Academic research shows that mindfulness reduces cognitive bias – as we have observed for years.

By Chris Woodcock

Chris Woodcock, Head of Research and Product at Essentia Analytics

Chris Woodcock leads the research and product teams for Essentia Analytics. Prior to joining Essentia, Chris was a technology analyst at GAM Investment Management and a hedge fund analyst at GAM Multi Manager in London. Before his career in financial services, Chris was a professional footballer with Newcastle United.

We are lucky enough to have several talented academics on our staff and advisory board at Essentia, and one of them, Philip Maymin, an Essentia Insight Partner and analytics professor at Fairfield University, recently published a fascinating paper on the effects of mindfulness on decision outcomes in the Nature specialty journal on Humanities and Social Sciences Communications. 

In the paper, entitled Cognitive Biases and Mindfulness, the researchers replicate a couple dozen standard tests of cognitive biases, such as anchoring, overconfidence, mental accounting, loss aversion, and the endowment effect – but with one wrinkle: some of the subjects are induced to be mindful before they do the tests. What they found was that those participants who were in a mindful state answered almost all of the test questions in a more rational manner than those who weren’t.

In other words, mindfulness reduces cognitive biases. 

What is mindfulness? Though it is often confused with meditation or being considerate, it actually has nothing to do with either one. Mindfulness, as defined by Maymin’s co-author and “mother of mindfulness” Ellen Langer of Harvard University, is the simple process of noticing new things. When we notice new things, we become aware of what we don’t know, we become comfortable with uncertainty, and we come to recognize multiple perspectives.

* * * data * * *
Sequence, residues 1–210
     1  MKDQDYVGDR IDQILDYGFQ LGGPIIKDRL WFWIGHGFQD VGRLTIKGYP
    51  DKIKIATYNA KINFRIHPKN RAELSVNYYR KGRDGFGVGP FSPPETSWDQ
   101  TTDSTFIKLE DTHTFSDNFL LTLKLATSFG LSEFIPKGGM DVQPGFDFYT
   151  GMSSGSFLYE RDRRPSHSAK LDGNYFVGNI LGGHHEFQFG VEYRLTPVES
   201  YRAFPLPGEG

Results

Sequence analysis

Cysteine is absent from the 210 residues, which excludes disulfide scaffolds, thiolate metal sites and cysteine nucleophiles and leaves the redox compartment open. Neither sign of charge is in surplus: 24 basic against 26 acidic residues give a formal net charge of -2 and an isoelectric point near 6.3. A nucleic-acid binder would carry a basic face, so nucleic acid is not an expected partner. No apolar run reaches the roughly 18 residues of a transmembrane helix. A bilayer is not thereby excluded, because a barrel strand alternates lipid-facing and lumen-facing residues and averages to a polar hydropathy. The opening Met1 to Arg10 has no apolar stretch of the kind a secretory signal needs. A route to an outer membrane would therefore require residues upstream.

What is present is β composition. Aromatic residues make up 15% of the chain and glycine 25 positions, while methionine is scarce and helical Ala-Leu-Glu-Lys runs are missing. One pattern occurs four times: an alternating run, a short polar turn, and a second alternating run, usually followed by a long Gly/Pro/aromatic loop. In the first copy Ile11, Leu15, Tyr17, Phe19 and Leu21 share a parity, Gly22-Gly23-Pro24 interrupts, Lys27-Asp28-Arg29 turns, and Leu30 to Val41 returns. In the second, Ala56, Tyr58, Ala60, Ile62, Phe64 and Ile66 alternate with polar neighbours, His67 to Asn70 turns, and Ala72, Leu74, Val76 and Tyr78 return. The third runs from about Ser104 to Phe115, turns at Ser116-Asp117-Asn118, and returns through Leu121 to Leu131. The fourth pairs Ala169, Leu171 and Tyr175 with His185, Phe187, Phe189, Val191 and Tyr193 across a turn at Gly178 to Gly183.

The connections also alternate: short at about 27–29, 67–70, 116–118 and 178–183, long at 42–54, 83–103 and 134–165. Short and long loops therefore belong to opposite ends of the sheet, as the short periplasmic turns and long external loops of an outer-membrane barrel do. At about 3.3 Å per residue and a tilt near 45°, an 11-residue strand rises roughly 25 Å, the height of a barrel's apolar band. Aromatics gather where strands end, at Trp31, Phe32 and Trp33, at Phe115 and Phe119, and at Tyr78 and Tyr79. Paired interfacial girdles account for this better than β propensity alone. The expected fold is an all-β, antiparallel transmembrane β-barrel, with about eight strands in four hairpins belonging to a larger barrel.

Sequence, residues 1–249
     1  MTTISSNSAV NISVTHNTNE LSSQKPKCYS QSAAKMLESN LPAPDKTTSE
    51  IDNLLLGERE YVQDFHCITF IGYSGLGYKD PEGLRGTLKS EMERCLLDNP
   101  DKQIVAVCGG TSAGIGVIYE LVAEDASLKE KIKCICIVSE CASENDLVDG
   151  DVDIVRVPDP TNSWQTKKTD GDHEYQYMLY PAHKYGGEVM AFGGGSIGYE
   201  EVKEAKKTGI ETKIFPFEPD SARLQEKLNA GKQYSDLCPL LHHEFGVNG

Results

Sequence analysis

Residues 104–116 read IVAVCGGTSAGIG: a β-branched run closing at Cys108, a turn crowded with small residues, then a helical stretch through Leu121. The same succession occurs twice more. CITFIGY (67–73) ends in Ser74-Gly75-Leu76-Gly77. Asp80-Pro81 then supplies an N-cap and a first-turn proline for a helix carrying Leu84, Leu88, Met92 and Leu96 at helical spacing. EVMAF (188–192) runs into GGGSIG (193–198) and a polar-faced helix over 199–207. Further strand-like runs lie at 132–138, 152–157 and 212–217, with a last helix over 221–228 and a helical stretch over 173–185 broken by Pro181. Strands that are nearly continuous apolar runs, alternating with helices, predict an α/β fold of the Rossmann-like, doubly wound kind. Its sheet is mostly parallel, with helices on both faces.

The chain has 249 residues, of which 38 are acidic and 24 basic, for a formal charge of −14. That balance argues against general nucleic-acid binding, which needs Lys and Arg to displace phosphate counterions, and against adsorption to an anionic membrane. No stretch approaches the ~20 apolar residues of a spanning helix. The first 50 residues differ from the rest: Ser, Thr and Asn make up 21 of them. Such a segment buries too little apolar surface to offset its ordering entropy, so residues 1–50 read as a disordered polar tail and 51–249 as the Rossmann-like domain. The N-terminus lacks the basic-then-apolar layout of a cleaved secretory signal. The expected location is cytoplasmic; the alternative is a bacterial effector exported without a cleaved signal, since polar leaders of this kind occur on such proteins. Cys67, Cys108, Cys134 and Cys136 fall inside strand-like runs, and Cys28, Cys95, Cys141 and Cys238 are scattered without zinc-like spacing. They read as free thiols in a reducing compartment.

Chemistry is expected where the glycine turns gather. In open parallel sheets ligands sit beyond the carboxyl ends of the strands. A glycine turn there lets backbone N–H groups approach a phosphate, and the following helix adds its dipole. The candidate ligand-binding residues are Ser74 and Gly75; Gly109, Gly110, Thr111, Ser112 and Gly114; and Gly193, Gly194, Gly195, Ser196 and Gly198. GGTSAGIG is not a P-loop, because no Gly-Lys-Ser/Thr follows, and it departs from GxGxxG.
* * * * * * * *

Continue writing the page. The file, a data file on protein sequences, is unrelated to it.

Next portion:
In Langer’s research, she has found that mindfulness increases health and longevity, reduces stress, improves vision, creativity, self-esteem, and a whole host of other benefits. This latest paper shows that mindfulness makes us more “rational” in a variety of contexts.

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From “Cognitive Biases and Mindfulness”: Maymin’s and Langer’s research found that “warming up” with simple thought exercises demonstrably mitigated behavioral biases in the subjects they studied.

How is mindfulness induced? The amazing thing is it has nothing to do with the cognitive biases. Rather, it’s a few fun and simple exercises such as spotting the difference between two photos, looking at some optical illusions, and literally looking around and noticing three new things in your environment that you had never noticed before. When you do this, their research shows, you’re less likely to succumb to the cognitive biases that our own research demonstrates can be so costly to investors.

In fact, I can’t help but see the connection between these simple exercises and another routine  that takes almost no time or effort but provides massive benefits – an Essentia nudge!

(Nudges, you may know, are a core part of our Insight service, which helps portfolio managers mitigate their biases and make better decisions. We have found that prompting a portfolio manager to step back for just a moment and think — dare I say mindfully — about a decision, at the time they need to make it, results in measurably better decision-making. This new research by Maymin and Langer substantiates something we have observed with our clients for years.)

Maymin’s and Langer’s full paper is available for download from the Nature/Humanities and Social Sciences Communications website, and you can also view a replay of Maymin’s recent webinar on bias mitigation, where he discusses this paper.  And for more on how Essentia puts this principle into practice with clients, read about our Nudges here.

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